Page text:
Dominic LeBlanc steps away from cabinet to seek treatment for non-Hodgkin lymphoma

Dominic LeBlanc, the federal minister of intergovernmental affairs and northern affairs, announced on Friday afternoon that he is temporarily stepping away from cabinet after recently being diagnosed with non-Hodgkin lymphoma. 

“A few weeks ago, I consulted with my doctor for what began as flu-like symptoms. After a series of tests, my doctor has diagnosed me with a form of non-Hodgkin lymphoma,” LeBlanc said in a joint statement with his doctor.

“I will be temporarily stepping away from my cabinet duties to focus on my health. I have begun my treatment, and it will last several weeks. Once I have concluded my treatment, I look forward to returning to my role in cabinet.”

Dr. Nicholas Finn, LeBlanc’s oncologist at the Dr. Georges-L. Dumont University Hospital Centre in Moncton, N.B., said in a joint statement that “non-Hodgkin lymphoma is a treatable condition, and the minister had a positive response to the initial treatments.”

“Like thousands of Canadians living with cancer, Minister LeBlanc looks forward to going back to work once the treatments are completed,” Finn explained.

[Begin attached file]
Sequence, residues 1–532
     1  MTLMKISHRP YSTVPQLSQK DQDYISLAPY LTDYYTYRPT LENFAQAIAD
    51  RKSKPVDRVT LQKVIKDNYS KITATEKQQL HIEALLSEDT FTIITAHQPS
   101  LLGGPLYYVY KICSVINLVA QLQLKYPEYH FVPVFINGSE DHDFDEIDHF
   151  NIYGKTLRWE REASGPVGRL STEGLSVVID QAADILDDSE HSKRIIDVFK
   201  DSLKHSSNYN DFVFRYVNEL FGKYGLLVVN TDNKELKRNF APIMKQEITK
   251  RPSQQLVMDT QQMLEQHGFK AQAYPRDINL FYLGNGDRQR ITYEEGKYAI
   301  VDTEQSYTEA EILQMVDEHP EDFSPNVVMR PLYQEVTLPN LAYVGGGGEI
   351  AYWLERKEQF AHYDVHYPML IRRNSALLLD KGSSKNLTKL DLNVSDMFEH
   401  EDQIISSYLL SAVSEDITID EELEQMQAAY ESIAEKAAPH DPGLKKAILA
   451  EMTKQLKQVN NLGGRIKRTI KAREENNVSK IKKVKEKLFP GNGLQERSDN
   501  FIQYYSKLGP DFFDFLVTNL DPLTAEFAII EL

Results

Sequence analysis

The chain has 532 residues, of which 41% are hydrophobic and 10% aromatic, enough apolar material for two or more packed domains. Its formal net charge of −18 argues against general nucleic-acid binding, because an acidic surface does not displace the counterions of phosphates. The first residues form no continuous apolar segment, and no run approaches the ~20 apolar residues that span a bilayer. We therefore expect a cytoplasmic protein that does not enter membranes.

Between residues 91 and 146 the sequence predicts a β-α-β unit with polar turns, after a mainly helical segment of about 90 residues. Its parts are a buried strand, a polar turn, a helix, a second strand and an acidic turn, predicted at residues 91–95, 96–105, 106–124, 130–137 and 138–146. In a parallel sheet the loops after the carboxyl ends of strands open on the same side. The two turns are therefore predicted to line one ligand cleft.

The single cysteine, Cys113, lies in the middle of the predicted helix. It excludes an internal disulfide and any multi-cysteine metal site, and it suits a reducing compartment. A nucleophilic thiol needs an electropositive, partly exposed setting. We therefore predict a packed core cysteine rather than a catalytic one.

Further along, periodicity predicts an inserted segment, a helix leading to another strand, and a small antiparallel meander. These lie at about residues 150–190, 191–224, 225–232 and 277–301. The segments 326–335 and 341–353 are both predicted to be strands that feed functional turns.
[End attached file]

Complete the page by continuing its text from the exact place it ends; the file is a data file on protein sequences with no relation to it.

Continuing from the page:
In his statement, LeBlanc said he still intends to run as the Liberal candidate in the New Brunswick riding of Beauséjour.

LeBlanc was diagnosed with lymphocytic lymphoma in 2017, when he was fisheries minister. Last October, he announced that that cancer was in remission.

LeBlanc, a childhood friend of Prime Minister Justin Trudeau and an experienced partisan, was moved to intergovernmental affairs in July 2018, seemingly in response to the arrival of Doug Ford’s Progressive Conservatives government in Ontario.

“Dominic, you are a trusted cabinet minister and a close friend — and I’m happy you made the decision to focus on your health and your family during this difficult time,” Trudeau said in a statement.

“You have our full support, and we look forward to having you back at the cabinet table soon.”

Trudeau announced that Finance Minister Bill Morneau will temporarily take responsibility for intergovernmental affairs, while Carolyn Bennett, the minister of Crown-Indigenous relations, will take over LeBlanc’s duties for northern affairs.

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